KPMG Germany Webpage
Click on the above link to visit the KPMG Germany webpage on the Mondaq website
For disclaimer and copyright see end of this article.

Intra-community deliveries are exempt from VAT under sec. 4 no. 1 (b) UStG. The legal definition of an intra-community delivery requires among other things that the transaction constitute an intra-community acquisition and hence be subject to VAT for the recipient in another EU Member State (sec. 6a par. 1 no. 3 UStG).

A public letter recently issued by the Federal Ministry of Finance dated 29 March 1996 clarifies the supplier's responsibility to prove that the above requirement has been met: "The requirement ... is fulfilled when the acquirer of the goods has provided the entrepreneur with a VAT ID number issued to him by another Member State. The recipient thereby signifies his intention to acquire the goods tax free [in Germany] because the acquisition is subject to the taxation provisions of the other Member State.... The entrepreneur proves fulfilment of the requirement of sec. 6a par. 1 no. 3 UStG by recording the recipient's VAT ID number. Production of additional evidence cannot be required from the entrepreneur. He is in particular not required to prove that the acquirer of the goods has subjected them to acquisition taxation or paid the acquisition tax in fact."

It should be noted, however, that a taxpayer has not complied with the conditions of the public letter if the ID number is incorrect, e.g. because his buyer misinformed him. A second public letter issued on 28 March 1996 by the Ministry of Finance of the State of Hessen explains that in such cases the entrepreneur has the opportunity of correcting the mistake by reporting the proper number. If he is unable to do so, sec. 6a par. 4 UStG is to apply by analogy. This provision states that the supplier's delivery can be treated as tax exempt even though the legal requirements were not fulfilled if the supplier's failure to charge VAT was due to erroneous information supplied by the purchaser. The protection extended to the good faith supplier is, however, subject to the requirement that a reasonable businessman would not have discovered the mistake.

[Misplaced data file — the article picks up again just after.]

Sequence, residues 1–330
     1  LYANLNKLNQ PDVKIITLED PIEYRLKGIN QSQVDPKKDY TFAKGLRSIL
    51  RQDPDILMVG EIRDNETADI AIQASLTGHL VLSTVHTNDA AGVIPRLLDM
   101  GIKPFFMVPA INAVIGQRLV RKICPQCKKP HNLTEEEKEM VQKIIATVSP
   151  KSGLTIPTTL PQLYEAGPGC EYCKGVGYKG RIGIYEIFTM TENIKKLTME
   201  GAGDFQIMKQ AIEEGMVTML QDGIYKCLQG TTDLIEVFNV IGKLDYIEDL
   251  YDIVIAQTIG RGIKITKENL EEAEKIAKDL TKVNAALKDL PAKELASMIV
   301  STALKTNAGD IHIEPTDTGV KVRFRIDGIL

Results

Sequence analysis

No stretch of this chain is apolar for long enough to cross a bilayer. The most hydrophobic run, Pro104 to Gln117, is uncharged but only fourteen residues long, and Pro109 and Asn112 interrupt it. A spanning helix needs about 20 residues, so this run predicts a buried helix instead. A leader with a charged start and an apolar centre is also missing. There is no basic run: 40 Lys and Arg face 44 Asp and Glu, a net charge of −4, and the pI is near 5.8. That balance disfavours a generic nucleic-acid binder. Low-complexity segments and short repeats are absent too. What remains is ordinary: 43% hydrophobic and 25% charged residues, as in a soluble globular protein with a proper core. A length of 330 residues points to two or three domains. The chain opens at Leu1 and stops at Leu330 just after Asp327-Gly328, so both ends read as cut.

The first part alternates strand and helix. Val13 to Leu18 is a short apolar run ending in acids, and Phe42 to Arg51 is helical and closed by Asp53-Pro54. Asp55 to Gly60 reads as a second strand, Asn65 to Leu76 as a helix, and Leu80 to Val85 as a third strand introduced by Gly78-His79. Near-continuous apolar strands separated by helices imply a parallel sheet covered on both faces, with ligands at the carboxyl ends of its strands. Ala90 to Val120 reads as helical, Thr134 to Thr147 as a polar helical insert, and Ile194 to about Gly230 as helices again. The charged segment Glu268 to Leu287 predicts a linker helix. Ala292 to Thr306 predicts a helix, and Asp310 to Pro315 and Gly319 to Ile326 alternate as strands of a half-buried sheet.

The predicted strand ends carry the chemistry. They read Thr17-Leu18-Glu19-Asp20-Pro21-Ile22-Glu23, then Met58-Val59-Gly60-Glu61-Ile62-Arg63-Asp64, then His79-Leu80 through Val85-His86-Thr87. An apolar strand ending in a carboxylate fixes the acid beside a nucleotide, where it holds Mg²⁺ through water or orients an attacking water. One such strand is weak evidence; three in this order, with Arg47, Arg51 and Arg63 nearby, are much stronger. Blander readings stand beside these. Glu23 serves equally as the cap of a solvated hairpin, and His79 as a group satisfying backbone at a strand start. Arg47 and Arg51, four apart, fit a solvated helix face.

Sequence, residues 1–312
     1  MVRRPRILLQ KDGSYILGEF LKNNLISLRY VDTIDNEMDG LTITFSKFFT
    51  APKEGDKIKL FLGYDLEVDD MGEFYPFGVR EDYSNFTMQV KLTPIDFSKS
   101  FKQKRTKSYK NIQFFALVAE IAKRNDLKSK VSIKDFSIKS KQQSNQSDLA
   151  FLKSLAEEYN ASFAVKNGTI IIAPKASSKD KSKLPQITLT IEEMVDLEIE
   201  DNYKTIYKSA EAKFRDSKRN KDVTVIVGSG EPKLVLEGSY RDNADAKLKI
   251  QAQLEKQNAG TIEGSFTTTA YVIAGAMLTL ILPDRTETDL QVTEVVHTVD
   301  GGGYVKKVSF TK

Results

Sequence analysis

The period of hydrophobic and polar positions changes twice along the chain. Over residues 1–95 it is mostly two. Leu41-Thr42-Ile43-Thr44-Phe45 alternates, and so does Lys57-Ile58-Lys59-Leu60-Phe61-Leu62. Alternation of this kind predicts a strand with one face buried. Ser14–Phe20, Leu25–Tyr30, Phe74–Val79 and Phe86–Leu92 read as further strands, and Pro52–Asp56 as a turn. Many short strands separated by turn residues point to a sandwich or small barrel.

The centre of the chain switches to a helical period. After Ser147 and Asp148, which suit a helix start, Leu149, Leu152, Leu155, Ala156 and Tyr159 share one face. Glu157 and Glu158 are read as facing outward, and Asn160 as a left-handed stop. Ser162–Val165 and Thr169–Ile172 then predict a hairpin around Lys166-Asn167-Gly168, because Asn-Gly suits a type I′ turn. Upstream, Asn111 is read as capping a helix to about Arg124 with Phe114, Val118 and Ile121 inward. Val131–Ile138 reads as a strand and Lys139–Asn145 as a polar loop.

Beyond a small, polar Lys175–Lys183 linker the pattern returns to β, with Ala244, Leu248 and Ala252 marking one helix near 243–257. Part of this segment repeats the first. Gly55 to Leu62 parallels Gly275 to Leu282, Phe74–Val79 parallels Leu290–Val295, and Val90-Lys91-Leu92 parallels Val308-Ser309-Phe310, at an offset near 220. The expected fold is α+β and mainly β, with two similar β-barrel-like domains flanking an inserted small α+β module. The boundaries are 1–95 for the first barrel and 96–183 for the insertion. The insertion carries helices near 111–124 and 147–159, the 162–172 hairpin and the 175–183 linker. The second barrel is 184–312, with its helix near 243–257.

Since it remains unclear what level of care suppliers will be held to, we still advise making use of the verification possibilities offered by the German Federal Finance Office (Bundesamt fuer Finanzen) in Saarlouis (see Art. no. 7 = German News no. 4/95 at page 8).

Disclaimer and Copyright
This article treats the subjects covered in condensed form. It is intended to provide a general guide to the subject matter and should not be relied on as a basis for business decisions. Specialist advice must be sought with respect to your individual circumstances. We in particular insist that the tax law and other sources on which the article is based be consulted in the original, whether or not such sources are named in the article. Please note as well that later versions of this article or other articles on related topics may have since appeared on this database or elsewhere and should also be searched for and consulted. While our articles are carefully reviewed, we can accept no responsibility in the event of any inaccuracy or omission. Please note the date of each article and that subsequent related developments are not necessarily reported on in later articles. Any claims nevertheless raised on the basis of this article are subject to German substantive law and, to the extent permissible thereunder, to the exclusive jurisdiction of the courts in Frankfurt am Main, Germany. This article is the intellectual property of KPMG Deutsche Treuhand-Gesellschaft AG (KPMG Germany). Distribution to third persons is prohibited without our express written consent in advance.